Please support the Greenfield Recorder's COVID-19 coverage

The COVID-19 pandemic has brought the local economy — and many of the advertisers who support our work — to a near standstill. During this unprecedented challenge, we continue to make our coronavirus coverage free to everyone at because we feel our most critical mission is to deliver vital information to our communities. If you believe local news is essential, especially during this crisis, please donate.

Thank you for your support of the Recorder.

Michael Moses, Publisher

Of the Earth: Agriculture takes center stage during fair season

  • Racing pigs take off from the starting line at the 2017 Franklin County Fair. Recorder File Photo

  • Seeds of Solidarity’s Ricky Baruc, one of the founders of the North Quabbin Garlic & Arts Festival, holds a string of peppers at last year’s event. Contributed photo

  • Paul Jahnige of Williamsburg cheers with the rest of his teammates after winning one of the pumpkin games at the 2016 Ashfield Fall Festival. Recorder File Photo


For the Recorder
Published: 9/4/2018 2:27:35 PM

It’s hard to keep up with it all, but then again, what could be more fun than fair season in Franklin County?

It began in the western part of the county on Aug. 17 with the 101st Heath Fair (the 100th now having been immortalized on the silver screen); continues this week in the county heartland with the 170th Franklin County Fair (the oldest continuously operating county agricultural fair in the country); and wraps up the month in the eastern part of the county with the North Quabbin Garlic & Arts Festival, still fresh and stinky in its 20th year.

This raises the question of whether it’s fair to include a festival among fairs. Isn’t it, then, only fair to give a nod to Conway’s Festival of the Hills on Sept. 30 and the Ashfield Fall Festival on Oct. 6 and 7? The answer, of course, is yes.

As the gala parade through Greenfield kicks off the Franklin County Fair on Thursday at 5 p.m., it’s important to remember the truly hard work that has gone into this event not only by members of the Franklin County Agricultural Society, but by the exhibitors — and particularly by the young people who will compete with vegetables, flowers, preserved foods, eggs, art, crafts, needlework and clothing, as well as cattle, sheep, rabbits, poultry and so on. Oh, and scarecrows. There is even a scarecrow competition.

Scarecrows can be old-fashioned to outrageous, friendly to frightening, plain to creative, and should be a maximum of 6 feet tall and free standing. Scarecrows must be placed by Wednesday at 8:30 p.m., with the winner receiving a $15 prize.

While the schedule of events is available at, the fair exhibitors’ handbook is even more interesting at

Looking forward, first prize for good down-home fun has to go to the North Quabbin Garlic & Arts Festival on Sept. 29 and 30, which bills itself as “Still Stinkin’ After All These Years.” Held on Forster’s Farm in Orange, the festival took form in 1999, inspired by five neighbors including Deb Habib and Ricky Baruc who founded the nearby Seeds of Solidarity Farm, which continues sustainable farming with a range of environmental and social justice education programming.

“The festival is truly its own entity,” Habib said. “Seeds of Solidarity is among the founders, but the community of organizers is a wonderful team of about 20.”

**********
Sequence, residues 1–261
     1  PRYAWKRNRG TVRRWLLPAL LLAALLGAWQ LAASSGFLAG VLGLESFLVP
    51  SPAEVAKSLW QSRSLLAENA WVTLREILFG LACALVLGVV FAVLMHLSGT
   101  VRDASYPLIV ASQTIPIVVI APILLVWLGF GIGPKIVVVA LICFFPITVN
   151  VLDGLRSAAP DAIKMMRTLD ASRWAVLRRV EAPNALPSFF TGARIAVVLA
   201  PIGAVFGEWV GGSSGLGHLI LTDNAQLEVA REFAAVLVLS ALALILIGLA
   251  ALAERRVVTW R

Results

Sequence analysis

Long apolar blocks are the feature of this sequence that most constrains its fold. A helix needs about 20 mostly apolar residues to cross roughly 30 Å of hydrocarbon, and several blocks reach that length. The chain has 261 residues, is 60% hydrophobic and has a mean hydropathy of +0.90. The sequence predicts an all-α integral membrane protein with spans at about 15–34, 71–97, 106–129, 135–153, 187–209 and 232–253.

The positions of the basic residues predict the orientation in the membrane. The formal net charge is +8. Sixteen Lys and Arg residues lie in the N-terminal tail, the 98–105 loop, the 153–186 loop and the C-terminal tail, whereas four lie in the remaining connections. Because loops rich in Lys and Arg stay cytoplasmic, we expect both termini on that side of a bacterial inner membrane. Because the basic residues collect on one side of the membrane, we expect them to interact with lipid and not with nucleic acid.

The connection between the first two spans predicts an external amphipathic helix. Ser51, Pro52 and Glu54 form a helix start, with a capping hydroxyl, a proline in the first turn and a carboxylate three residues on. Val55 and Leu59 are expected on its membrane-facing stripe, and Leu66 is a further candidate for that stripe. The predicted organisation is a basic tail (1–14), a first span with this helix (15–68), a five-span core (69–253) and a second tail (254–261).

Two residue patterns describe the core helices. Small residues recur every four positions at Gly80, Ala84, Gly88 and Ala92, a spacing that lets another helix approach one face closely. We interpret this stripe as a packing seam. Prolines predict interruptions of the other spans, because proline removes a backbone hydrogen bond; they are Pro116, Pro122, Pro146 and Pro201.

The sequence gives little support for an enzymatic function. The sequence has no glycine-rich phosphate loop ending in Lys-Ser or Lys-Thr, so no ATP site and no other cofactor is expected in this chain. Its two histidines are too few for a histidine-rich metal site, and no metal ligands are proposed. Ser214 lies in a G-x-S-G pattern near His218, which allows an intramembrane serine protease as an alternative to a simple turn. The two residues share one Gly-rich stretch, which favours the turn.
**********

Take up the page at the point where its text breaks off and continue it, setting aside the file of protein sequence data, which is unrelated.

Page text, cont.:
Those attending the fair are being invited to pick up a packet of pollinator seeds that will be available in several festival locations — “a gift from the festival to sow seeds of goodness far and wide,” according to the festival’s website. More than 80 workshops, demonstrations and performances are scheduled. There is even an invitation to travel the garlic globe in the chef demo tent, and a raw garlic eating contest.

Here are a couple of quick ways to impress your friends with spreads featuring garlic, direct from Deb Habib:

Roast a bulb until it’s soft and blend with local goat cheese and a little fresh parsley or arugula. The mixture can be spread on sourdough bread and topped with a thick slice of tomato, and perhaps some smoked salmon.

Or, make a quick tapenade with a few cloves of raw garlic pulsed with a cup of your favorite pitted olives, a teaspoon of capers, a few chopped sun-dried tomatoes or a small fresh one, a sprig of fresh basil and a dash of olive oil. It’s great with cheese and crackers, or served with grilled chicken.

The Cutting Board

My old friend Will Snyder at the UMass Extension — who I remember as always being in the office at 6 a.m. and still there at 6 p.m. — heads the steering committee for the Massachusetts Envirothon which, for nearly three decades, has engaged young people in hands-on exploration of soil, water, wildlife and forest resources, and investigation of the important environmental issues affecting themselves, their families and their communities. The program emphasizes team-oriented problem solving and community involvement that prepares young people for environmental careers and active citizenship.

The current issue — abundant, affordable, healthy food — will challenge high school teams to explore their local food systems around these questions: “Will we be able to feed 10 billion people in 2050?” and “What will be the role of Massachusetts farms and communities in responding to this challenge?”

See how you can fit into answering this question at, or write to Snyder at or Envirothon Coordinator Brita Dempsey at

Wesley Blixt lives in Greenfield. He is a longtime reporter and is the author of “SKATERS: A Novel.” Send him recipes, stories and suggestions at

Greenfield Recorder

14 Hope Street
Greenfield, MA 01302-1367
Phone: (413) 772-0261
Fax: (413) 772-2906


Copyright © 2019 by Newspapers of Massachusetts, Inc.
Terms & Conditions - Privacy Policy